Oh, yeah! The boats? They probably should have been seen on P1, panel 1. Just thought I should mention that.


PAGE FOUR (Six panels)

Panel 1. A middle closeup of Leyta’s face. She has her usual no BS look.


Longshore has been dead awhile. The six-masted idiots built it on a stormward cliff and then wondered at the wind blowing over their wall. (This right here, kiddies? Info-dump!)

Panel 2, Tad is wearing his usual Ashley-esque black coat, that fits tighter to his frame. (More description that should have come earlier, or been removed and put elsewhere.) He is looking at Leyta, who is still talking but mostly off panel. (Mostly? She is or isn’t.) He should look rapt. If you can manage obsessed, even better. He should have a saber at his left hip.


What that means is there was no going Between Blues for the Longshoremen. Hence us being on this beach. (I don’t know what this means.) (Liam’s not alone. This is either not thought out well, or there’s missing information, or both. I vote for both.)

Panel 3. A view of the cliff where it meets the sand. There’s a switchback trail leading up to a tunnel entrance a short walk up the beach from where the crew is gathered. (Shouldn’t we have seen that earlier?)


Lucky for us, those caves were built right. They lead from there to the town square. (You can build a cave correctly? When does a cave become a tunnel? There are other obvious questions that I won’t ask.)

Panel 4. Very high bird’s eye view of the town above on the cliff, with the group visible as a smudge on the sand far below. This is just for establishing position for the reader. If this is a bad idea, cut the panel. It doesn’t add much. (Yup.) (This is the first time I’ve ever seen a writer notice his own padding. It’s still crap, but this gives me an extremely small hope for the future of humanity. About a baby egret’s feather’s weight, vs the weight of Jupiter.)

Panel 5. Leyta holding up two fingers. Frowning slightly.


When we get to the square, we file off in two groups. Mine and Gideon’s. (What? Why wasn’t this direction given back at the beach? What are we even doing here?)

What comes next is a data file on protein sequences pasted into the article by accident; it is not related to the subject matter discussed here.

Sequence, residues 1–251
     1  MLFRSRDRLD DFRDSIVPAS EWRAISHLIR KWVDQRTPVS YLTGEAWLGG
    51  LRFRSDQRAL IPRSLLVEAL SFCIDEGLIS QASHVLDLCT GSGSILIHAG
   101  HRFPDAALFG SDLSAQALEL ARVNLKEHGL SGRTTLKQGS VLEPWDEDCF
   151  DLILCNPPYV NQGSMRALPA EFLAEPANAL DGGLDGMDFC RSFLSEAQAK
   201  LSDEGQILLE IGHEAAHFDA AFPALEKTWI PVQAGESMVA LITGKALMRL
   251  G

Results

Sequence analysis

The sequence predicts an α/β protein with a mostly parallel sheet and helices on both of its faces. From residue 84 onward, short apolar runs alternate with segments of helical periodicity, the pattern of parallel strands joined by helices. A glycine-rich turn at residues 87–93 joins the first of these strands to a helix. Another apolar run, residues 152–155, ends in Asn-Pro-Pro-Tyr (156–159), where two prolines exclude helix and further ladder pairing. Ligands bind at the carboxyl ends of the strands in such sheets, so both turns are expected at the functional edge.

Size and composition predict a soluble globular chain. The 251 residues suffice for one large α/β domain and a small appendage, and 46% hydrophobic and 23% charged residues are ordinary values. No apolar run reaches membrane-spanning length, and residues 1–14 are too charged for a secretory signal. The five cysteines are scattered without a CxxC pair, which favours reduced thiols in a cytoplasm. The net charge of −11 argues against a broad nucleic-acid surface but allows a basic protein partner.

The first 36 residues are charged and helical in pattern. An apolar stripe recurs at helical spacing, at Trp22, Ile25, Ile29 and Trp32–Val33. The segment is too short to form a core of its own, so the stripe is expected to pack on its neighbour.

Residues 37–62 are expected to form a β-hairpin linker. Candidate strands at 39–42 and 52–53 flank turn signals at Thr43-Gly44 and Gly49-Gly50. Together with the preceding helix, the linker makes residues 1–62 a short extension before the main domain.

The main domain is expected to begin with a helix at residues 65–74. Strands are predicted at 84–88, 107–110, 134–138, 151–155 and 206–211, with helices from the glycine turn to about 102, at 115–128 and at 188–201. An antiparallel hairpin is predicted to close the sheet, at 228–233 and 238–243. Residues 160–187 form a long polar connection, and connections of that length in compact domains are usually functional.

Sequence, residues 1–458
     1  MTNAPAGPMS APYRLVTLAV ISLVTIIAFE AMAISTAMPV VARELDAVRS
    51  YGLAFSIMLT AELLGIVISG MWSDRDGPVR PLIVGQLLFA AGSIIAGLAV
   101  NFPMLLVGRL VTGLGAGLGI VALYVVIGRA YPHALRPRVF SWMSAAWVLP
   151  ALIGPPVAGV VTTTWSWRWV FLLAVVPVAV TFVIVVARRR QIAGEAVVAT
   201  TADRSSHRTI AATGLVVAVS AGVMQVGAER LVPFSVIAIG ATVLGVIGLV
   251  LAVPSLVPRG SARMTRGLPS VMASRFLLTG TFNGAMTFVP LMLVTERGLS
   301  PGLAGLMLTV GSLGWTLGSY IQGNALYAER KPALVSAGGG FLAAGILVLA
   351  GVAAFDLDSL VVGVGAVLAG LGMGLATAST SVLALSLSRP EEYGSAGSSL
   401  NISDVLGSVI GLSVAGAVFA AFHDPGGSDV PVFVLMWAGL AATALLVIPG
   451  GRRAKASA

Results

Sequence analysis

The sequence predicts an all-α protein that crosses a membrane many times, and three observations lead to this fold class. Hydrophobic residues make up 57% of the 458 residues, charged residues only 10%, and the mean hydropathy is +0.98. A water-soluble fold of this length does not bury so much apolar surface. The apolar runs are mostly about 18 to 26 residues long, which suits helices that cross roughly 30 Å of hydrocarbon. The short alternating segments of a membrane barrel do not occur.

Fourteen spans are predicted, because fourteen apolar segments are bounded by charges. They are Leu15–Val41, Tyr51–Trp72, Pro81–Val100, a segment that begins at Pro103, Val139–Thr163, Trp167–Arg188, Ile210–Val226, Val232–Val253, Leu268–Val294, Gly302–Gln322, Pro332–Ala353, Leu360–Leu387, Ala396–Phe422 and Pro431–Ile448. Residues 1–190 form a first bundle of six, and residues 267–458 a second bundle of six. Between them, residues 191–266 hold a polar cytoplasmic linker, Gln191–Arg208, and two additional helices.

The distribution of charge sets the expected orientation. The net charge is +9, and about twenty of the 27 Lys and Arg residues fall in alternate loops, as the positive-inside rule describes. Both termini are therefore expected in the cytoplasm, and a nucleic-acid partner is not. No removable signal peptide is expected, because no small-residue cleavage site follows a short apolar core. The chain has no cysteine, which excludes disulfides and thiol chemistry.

Panel 6. Full body view of Gideon with his arms crossed. He wears a thin coat with a hood on. His left hand, if you can see it, is wrapped in strips of linen, like a bandage, which disappear into his sleeve. There are others standing next to him, but not near him, mostly out of panel. Rifle over his shoulder.


My group pairs up on the perimeter. We provide cover and confusion. (Again, this plan should have been finalized on the beach.)

What a boring page. Why are you telling us this? Cut to the story.

Remember when I said this was crap? Just keep that in mind.

P4 adds extremely little to the story. To be honest, both of these pages should be cut and burned for the useless flotsam they are. (Get it? Talking about boats on the page, and I’m talking about the pages as though they’re wreckage from boats? Laugh, folks, laugh! I’m much more entertaining than this crap.)

Really, these two pages are padding. I don’t know why we need these pages, and they don’t add anything at all to the story. So far, they can be cut, and the participants can just show up wherever they’re going to pop up next and just do what they’re going to do with almost no explanation, and it wouldn’t hurt the story.

The question must always be asked: why are we here? What am I trying to say with this? Then, after those questions are asked and answered, ask yourself if it can be done a better way.

There are better ways to do this. However, while you figure it out, enjoy my theme song.

(Another PB needed.)

PAGE FIVE (Five panels)

Panel 1, full width. (Insert crude diagram of town square with a few strips of buildings around the north, south and east, the scaffold in middle. Arrows showing where Gideon’s group will go from to where they will end up: from the underground entrance to the town in the east end to be ranged out on the perimeter of the square. Leyta’s group will be labeled as spearing into the center towards the scaffold). The rest of the panel is Leyta still addressing the group. For reference, the group and crew number 22 altogether. Leyta, Gideon, Tad, Cid, Aerick, Arman, Ben, Hadwin, Henrik, Faye, Nyx, Ramsey, Samuel, Sebastian, Gorthon, Stev, Devan, Drogo, Sasha, Hedo, Gaines and Deved (all descriptions of course in supporting document) (Apart from the ones in the script?). Seven have unlit, rough torches like sticks with pitch covered rags tied to them, one of these needs to be Aerick. Several of them are looking at Hedo. (You’ve now described the people we saw first on page three.) (Why wasn’t this done on the beach? I really, really don’t understand. I know I already called the Line of Demarcation, but really, the sheer stupidity of this is gonna… I feel like… I can’t hold… ‘SPLODE!!!)


The rest of you will be with me and Tad. We rush Greco.


It’s just Greco. Why the caution?


We don’t know who all will be up there, but I have a feeling it’ll be more than just Greco’s boys.

Panel 2. Close up of Leyta frowning.


And don’t forget whoever is there, they’ll have the Captain’s life in hand. Let’s move. (Ah! So this is a rescue operation! And we’re just getting this information now… Again, none of this is necessary. It can all be cut and explained later.)

Panel 3. The group is heading towards the trail with Tad in front. Leyta is watching them a little off to the side.

LEYTA (thought):